After the triumph of the Islamic Revolution in February 1979 the revolution's council, in June 1979, decided to rename the Ministry of Information and Tourism to the National Guidance Ministry (or Ministry of National Guidance). This was followed in December, 1981 bya bill passed by the Islamic Consultative Assembly (Majlis) changing the name of the country's official news agency from Pars News Agency to Islamic Republic News Agency.'<

 http://www.irna.com/en/about/history.shtml

So IRNA has quite a long history in Iranian society. In fact, IRNA is the "official" news agency of the Islamic Republic of Iran.

Hmm, that's funny, because according to the comments of "under construction", IRNA is operating from New York and California:

>Well, here's what a quick bit of work with Sam Spade and Google turn up about the bases of these two sites:

WHOIS results for irna.com:

Registrant:
IRNA NY (IRNA2-DOM)
675 Third Ave. Suite 3005
null
US

Domain Name: IRNA.COM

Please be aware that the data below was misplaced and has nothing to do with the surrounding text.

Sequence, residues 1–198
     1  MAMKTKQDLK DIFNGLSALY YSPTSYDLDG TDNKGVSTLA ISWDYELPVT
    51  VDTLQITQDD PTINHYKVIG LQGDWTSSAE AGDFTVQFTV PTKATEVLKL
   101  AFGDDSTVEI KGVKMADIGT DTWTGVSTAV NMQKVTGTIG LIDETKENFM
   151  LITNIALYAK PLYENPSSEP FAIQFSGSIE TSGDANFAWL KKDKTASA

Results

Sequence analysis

Administrative Contact, Technical Contact:
Hosseini, Anoosh (AH136)  anoosh@GPG.COM
Global Publishing Group
PO BOX 2877
San Ramon, CA 94583
US
925-735-8606 x

Google shows Anoosh Hosseini as having a considerable Web presence. He appears to be a California-based computer geek active in publishing (president of a company named Global Publishing Group) and in developing software for producing Web pages in Persian and Arabic. Some of his work can be seen at these two URLs:

www.gpg.com/pmosaic/icemco96.pdf
 http://gpg.com/pmosaic/docs/help-about.html<

So, the "official" news agency of Iran is operating out of Claifornia and New York. That seems strange to me. Perhaps IRNA is run by Iranian Americans who fled Iran after the Islamic Revolution in 1979? Even so, to state that IRNA is the offical news agency of Iran, given the fact that it is an American project, is total bullshit.